In the year 2000, Aisha Bello lost everything when she tested positive for HIV. Her husband left her, her health was failing and she was cast aside by society. Aisha turned to the streets and later to the Church for assistance. Today, she is the first Muslim woman to reveal her status in Kaduna State, and a mother of six adopted children living with HIV/AIDS, who finds joy in mobilizing and motivating other women living with the disease. In this report, Aisha shares how she overcame adversity, found the courage to keep moving and why she lends her voice to other women living with HIV/AIDS.
Aisha Bello had dropped off five women living with HIV/AIDS at the 44 Army Reference Hospital Kaduna on Monday when she met with Daily Trust correspondents for a chat.
Her 1996 Honda civic model vehicle could barely accommodate her passengers, but Aisha, a mother of eight boys; six adopted and living with HIV/AIDS didn’t mind, she had squeezed them, in her determination to ensure that women living with HIV/AIDS get access to their antiretroviral drugs and are treated with dignity and respect.
“Some of these women don’t have the transport fare to go to the hospital for their drugs, some have no food to eat with their drugs and so I step in to take them to the hospital and take them back home,” she said. “Just recently, a lady drank poison because she tested positive coupled with the fact that her husband abandoned her and the children.
“We cannot allow her to die like that, she is now being treated and after that, she would start to take her drugs,” she further said.
Many women diagnosed with HIV/AIDS are being stigmatized and shunned by family, friends and their communities, so women like Aisha Bello step in to give them hope, mobilize them, counsel them and motivate them never to give up on life.
The mother of eight says her own motivation and strength come from a place of pain and despair after she was diagnosed with the disease two decades ago.
With a big smile on her face, a jovial spirit that immediately endears her to many, Aisha tells our correspondents that two decades ago, she had lost the spark she now exudes.
Daily Trust reports that Aisha’s story is one that gives hope and strength. She was the first Muslim woman in Kaduna State to reveal her HIV status and has continued to pay the price for that courage even today.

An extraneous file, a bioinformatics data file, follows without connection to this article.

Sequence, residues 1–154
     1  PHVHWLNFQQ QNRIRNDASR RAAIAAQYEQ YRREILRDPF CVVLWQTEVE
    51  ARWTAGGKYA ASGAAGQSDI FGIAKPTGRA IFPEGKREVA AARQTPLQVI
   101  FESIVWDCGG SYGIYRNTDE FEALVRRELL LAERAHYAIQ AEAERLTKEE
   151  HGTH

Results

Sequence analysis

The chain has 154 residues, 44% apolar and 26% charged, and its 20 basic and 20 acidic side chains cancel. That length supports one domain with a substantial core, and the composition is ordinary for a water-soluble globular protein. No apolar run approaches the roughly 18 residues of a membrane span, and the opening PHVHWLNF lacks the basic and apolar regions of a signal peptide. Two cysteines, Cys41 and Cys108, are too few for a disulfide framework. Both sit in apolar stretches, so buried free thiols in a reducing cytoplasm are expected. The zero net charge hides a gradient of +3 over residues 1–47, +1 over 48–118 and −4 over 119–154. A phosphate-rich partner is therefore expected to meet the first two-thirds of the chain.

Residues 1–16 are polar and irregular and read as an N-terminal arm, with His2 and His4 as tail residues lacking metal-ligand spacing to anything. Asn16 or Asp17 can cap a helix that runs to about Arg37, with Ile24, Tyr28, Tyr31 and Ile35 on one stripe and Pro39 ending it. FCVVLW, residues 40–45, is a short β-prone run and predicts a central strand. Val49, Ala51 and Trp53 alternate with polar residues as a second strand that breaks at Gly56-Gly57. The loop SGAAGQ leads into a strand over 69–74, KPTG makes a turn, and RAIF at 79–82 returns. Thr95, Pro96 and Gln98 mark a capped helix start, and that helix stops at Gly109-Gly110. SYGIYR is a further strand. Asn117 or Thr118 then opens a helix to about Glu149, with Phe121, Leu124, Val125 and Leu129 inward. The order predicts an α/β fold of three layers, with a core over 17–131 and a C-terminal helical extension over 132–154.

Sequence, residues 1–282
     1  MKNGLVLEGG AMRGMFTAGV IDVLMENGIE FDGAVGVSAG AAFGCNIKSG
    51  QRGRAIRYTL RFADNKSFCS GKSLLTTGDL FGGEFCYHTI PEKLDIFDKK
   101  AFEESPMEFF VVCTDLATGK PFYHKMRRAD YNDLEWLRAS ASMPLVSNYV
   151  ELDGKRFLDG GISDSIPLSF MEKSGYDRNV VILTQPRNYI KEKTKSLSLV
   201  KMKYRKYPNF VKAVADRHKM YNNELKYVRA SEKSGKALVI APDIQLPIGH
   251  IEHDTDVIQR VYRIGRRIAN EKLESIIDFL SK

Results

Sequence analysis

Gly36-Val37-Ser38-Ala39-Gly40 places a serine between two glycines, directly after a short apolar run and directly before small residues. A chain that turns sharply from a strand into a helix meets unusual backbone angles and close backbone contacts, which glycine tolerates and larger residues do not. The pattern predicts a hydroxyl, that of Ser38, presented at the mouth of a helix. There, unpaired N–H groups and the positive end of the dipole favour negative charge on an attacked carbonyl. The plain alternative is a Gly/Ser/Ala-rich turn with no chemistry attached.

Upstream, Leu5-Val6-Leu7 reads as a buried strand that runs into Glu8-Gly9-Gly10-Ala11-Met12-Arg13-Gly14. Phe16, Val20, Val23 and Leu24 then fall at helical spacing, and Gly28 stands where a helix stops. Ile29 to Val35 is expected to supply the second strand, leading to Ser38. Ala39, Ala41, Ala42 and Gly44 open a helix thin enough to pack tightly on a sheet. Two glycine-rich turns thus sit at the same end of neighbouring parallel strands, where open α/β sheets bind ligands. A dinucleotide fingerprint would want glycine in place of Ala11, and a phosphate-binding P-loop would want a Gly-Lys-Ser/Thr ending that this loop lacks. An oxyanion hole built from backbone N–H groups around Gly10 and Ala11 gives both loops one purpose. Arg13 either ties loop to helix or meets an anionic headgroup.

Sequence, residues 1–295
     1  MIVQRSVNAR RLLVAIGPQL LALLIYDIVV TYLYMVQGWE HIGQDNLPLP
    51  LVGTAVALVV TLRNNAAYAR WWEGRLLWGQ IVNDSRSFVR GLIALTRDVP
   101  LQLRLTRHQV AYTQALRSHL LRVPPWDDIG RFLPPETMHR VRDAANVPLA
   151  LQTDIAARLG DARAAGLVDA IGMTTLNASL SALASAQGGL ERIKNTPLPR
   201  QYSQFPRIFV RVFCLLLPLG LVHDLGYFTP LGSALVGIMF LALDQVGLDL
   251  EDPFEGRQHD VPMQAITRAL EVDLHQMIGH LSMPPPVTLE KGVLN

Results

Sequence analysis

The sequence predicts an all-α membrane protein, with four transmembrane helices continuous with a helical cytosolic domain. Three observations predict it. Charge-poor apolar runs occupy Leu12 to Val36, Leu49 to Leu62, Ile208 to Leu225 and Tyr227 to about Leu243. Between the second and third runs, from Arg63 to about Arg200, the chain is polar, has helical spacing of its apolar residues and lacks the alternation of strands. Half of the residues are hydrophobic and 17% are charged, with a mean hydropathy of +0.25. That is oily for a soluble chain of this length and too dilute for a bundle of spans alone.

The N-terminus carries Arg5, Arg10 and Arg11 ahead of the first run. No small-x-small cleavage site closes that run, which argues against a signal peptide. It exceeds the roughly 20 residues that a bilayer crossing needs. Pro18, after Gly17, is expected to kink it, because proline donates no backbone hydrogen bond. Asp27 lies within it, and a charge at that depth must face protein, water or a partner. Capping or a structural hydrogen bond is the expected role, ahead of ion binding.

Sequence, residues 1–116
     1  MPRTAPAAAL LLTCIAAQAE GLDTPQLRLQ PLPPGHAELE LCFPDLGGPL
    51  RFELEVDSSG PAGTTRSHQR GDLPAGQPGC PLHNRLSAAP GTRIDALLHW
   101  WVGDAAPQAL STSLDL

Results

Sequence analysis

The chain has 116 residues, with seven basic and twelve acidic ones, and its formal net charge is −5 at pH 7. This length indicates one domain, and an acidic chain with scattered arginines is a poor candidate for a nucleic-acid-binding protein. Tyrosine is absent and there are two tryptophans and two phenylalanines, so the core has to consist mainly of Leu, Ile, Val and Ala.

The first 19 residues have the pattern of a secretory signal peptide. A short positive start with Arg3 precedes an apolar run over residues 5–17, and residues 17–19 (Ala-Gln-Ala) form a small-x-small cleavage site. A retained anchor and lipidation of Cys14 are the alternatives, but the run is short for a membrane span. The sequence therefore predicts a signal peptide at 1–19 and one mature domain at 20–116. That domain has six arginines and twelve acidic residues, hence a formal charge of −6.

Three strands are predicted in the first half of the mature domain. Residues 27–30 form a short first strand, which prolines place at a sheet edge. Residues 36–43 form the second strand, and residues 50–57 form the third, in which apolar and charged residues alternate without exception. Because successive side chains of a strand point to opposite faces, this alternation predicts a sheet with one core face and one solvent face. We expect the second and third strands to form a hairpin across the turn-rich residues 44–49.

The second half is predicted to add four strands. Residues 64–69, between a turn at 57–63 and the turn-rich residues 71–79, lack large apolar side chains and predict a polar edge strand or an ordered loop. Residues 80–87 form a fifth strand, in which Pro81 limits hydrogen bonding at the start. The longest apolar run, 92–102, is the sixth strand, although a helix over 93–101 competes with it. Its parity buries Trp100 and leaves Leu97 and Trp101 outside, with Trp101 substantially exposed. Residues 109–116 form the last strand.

In 2000, Aisha Bello lost everything when she tested positive for HIV/AIDS. Her husband of almost three years left her, her health was failing and she was cast aside by society.
Then, a mother of two biological boys, Aisha had turned to the streets but she was rejected, castigated and shunned.
“I took to begging if there is anybody that remembers a tall, lanky lady that was begging beside the female section of the Sultan Bello Mosque in Kaduna, that was me,” she told Daily Trust.
On the day she tested positive, Aisha said she had visited the hospital for what she thought was going to be a Malaria and Typhoid test, but unknown to her, the hospital had tested her for HIV/AIDS and had crudely received her diagnosis from a doctor who had no experience in counselling.
“The way the doctor told me my status almost killed me,” she said. “He just looked at me and told me ‘madam, we did malaria and typhoid test and it shows you actually have malaria and we did the HIV and I am sorry to say, you are positive.’”
“I stopped breathing at that moment, the doctor did not even notice my condition and he referred me to 44 hospitals and left. It has been 21 years since I stepped out of that hospital and I still cannot remember how I got home,” she said.
When Aisha revealed the result to her husband, she claimed he had simply given her N4,000 and asked her to go to the hospital for admission and then left.
She did not see him again until two months later when he appeared to inform her that he had taken another wife.
“My husband never told me he was positive and that his first wife died of HIV/AIDS,’ she said, adding that: “I was always falling ill and at a point, he told me it was an evil spirit, and I believed him.
“We started taking concoctions but it got to a point that my health was deteriorating rapidly and so I went to the hospital.”